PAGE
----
RANDOLPH COUNTY, N.C. (WGHP) — A former employee of a Piedmont Triad sheriff’s office is suing the department after he says he was unlawfully fired.
Federal court documents show that the plaintiff, Ricky Spivey, filed a lawsuit against Randolph County Sheriff Greg Seabolt in December of 2022, alleging wrongful termination.
The complaints outlined by Spivey took place between Aug. 1, 2020, and Oct. 1, 2020, while he worked for Randolph County Sheriff’s Office. Spivey is described in the court documents as “career law enforcement” who was employed as a deputy sheriff from Aug. 1, 2020, until he was terminated on Oct. 1, 2020. He worked as a bailiff at the Randolph County Courthouse.
He alleges that, on his first day at the courthouse, he was introduced to a sergeant at the front desk, who told them “they were going to be buddies” and for Spivey to “stick with him.” This was the person in the chain of command that Spivey reported to, and he alleges that he was chosen by Sheriff Seabolt specifically for that position of authority.
The sergeant “told [Spivey] it was his courthouse, he ran things there because he had the Sheriff in his pocket” and said he had the power to get people reassigned from the courthouse, according to the documents.
Within 10 days of that conversation, a female lieutenant was transferred out of the courthouse. Spivey alleges that the sergeant took credit for that transfer and called her a “b—-.”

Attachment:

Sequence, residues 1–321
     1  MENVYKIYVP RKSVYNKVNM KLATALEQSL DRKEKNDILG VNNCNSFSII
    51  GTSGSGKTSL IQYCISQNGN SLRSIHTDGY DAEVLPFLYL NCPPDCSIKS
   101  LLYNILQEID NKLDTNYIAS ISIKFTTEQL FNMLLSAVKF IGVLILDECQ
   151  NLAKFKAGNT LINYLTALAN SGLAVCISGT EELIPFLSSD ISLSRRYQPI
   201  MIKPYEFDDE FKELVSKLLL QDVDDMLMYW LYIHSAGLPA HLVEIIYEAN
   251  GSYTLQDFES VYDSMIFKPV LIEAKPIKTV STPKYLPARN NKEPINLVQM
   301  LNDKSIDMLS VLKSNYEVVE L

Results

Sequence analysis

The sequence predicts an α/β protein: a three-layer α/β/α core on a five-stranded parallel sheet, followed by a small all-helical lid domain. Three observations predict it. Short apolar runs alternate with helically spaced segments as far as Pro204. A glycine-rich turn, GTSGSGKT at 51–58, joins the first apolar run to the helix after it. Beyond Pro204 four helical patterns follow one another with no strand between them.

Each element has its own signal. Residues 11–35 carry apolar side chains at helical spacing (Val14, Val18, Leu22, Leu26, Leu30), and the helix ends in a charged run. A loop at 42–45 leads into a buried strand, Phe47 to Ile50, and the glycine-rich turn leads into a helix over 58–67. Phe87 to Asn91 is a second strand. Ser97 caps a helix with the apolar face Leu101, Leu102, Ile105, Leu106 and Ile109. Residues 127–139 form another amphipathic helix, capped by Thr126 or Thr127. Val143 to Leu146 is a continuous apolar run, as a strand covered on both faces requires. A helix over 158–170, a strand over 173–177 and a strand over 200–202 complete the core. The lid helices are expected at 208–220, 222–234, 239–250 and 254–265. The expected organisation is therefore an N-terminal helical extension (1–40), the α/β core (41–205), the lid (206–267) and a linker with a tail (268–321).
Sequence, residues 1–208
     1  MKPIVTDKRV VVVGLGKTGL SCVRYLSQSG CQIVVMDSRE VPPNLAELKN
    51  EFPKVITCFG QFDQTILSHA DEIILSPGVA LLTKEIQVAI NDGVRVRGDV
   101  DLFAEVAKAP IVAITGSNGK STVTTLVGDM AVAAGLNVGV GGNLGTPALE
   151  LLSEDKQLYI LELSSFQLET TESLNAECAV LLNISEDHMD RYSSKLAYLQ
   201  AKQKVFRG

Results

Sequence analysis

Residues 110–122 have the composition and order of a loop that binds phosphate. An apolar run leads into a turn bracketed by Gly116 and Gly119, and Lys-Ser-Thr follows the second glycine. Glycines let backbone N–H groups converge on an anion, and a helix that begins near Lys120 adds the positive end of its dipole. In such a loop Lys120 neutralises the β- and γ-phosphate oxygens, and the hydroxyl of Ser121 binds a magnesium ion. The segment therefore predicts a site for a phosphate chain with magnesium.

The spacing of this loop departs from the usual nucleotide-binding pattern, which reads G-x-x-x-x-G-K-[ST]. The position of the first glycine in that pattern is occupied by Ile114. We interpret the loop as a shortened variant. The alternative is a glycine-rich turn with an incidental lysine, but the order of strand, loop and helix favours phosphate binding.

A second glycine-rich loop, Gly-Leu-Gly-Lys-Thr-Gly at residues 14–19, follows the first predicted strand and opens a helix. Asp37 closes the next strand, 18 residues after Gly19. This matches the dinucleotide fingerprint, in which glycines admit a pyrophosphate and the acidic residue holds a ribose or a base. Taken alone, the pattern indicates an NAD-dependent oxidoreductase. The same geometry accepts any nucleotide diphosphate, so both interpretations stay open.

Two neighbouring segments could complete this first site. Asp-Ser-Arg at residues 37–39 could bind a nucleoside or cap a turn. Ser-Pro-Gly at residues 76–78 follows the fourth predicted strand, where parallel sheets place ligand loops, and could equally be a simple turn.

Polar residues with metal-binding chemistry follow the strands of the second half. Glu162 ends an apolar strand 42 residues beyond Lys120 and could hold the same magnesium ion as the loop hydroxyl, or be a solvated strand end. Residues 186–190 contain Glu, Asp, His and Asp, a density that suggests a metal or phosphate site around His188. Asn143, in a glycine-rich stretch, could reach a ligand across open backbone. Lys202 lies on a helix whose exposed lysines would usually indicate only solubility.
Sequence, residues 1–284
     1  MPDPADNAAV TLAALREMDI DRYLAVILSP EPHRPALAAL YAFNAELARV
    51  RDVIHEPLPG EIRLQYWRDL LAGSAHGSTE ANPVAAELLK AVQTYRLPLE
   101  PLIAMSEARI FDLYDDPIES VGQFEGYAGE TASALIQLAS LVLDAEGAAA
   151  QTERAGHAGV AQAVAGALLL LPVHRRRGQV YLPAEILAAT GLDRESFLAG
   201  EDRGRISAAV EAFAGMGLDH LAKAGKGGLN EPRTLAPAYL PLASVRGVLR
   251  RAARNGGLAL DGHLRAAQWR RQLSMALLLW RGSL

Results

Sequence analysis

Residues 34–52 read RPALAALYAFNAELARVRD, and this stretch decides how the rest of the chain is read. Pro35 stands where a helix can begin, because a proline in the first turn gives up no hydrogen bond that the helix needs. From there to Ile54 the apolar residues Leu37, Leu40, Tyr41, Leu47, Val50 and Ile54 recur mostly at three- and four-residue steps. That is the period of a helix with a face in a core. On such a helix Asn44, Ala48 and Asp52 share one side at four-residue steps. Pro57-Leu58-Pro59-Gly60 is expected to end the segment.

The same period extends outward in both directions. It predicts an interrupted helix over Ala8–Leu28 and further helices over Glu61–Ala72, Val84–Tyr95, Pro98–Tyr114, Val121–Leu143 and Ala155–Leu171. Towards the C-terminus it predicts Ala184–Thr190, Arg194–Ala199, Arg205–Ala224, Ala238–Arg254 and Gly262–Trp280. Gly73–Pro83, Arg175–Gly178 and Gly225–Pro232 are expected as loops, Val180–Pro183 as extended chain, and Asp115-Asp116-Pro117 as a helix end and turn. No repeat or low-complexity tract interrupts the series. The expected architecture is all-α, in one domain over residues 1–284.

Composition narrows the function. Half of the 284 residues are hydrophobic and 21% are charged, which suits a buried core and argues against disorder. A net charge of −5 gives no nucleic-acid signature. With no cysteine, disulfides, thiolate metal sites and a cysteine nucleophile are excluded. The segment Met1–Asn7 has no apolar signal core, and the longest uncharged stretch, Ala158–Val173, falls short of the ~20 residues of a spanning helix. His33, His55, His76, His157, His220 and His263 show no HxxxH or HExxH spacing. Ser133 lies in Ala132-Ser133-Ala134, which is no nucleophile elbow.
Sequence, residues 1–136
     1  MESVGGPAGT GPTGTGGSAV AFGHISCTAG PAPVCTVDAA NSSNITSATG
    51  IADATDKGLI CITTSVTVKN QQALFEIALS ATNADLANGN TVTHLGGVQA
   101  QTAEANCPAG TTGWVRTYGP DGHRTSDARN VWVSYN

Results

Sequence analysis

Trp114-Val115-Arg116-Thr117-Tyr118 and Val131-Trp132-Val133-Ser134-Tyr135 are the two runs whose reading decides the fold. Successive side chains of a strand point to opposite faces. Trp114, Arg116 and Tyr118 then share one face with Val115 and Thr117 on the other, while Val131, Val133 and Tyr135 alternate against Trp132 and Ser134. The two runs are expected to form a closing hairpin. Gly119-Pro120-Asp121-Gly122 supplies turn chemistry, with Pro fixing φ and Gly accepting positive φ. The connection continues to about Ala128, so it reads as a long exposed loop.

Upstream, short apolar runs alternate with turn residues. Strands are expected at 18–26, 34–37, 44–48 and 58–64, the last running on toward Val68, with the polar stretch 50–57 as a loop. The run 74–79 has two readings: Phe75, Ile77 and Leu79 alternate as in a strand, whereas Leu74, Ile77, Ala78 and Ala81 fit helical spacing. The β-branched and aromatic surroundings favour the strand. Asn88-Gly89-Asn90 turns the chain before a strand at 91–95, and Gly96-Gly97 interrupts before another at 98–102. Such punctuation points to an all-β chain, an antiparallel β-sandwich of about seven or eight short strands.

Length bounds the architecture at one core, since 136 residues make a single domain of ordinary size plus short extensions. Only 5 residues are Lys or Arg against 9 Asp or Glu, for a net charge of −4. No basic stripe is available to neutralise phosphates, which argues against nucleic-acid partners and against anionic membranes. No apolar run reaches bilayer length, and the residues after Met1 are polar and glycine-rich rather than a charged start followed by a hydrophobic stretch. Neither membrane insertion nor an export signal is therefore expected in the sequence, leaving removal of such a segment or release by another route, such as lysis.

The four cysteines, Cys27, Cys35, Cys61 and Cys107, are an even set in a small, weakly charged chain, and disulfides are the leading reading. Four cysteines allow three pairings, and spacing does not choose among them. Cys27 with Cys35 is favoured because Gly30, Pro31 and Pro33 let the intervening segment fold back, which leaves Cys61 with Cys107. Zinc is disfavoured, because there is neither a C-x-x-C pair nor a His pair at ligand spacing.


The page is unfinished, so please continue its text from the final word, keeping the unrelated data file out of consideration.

Spivey alleges the sergeant told him he was too serious all the time and that he was “stiff,” the documents read.
According to the documents, Spivey said that he was “just trying to learn their way of doing things.” The sergeant allegedly responded that Spivey needed to “loosen up, joke, cut up” and that he needed to “act like [the sergeant] and some of the other deputies or he would not last long with the sheriff’s office.”
Then Spivey alleges that the sergeant said no one wanted to work with him because he was too serious and he wouldn’t “cut up and have a good time like the rest of them.”
Court documents go on to say that he “intimidated” Spivey, making him feel like his job security depended on “being the jokester, horse-playing, making sexual remarks” and that distressed Spivey.
The court document outlines several incidents that Spivey alleges happened while he was working in the courthouse, including the sergeant declaring he “blew his load” on a chair that was noticeably wet in the break room, pulling female employees’ hair, a deputy sharing porn with other employees, a female coworker pointing out a defendant that had visible nipple piercings and discussing sex during work hours.
“[The sergeant] engaged in and allowed this type of activity among his direct reports on a daily basis, and if another supervisor or someone he did not trust walked in he would halt this activity, straighten up, or go silent and walk out.”
Spivey alleges that a female coworker made comments that she “felt like she had a d— in her uniform.”
Spivey complained the first week of September, telling the sergeant that he objected to it. Spivey was sent home without pay in the last week of September and then on Oct. 1 2020, he was fired for an unspecified policy violation, the lawsuit alleges.
He was never written up or warned about his work performance prior to his termination. He’s alleging retaliation, age discrimination and unlawful termination.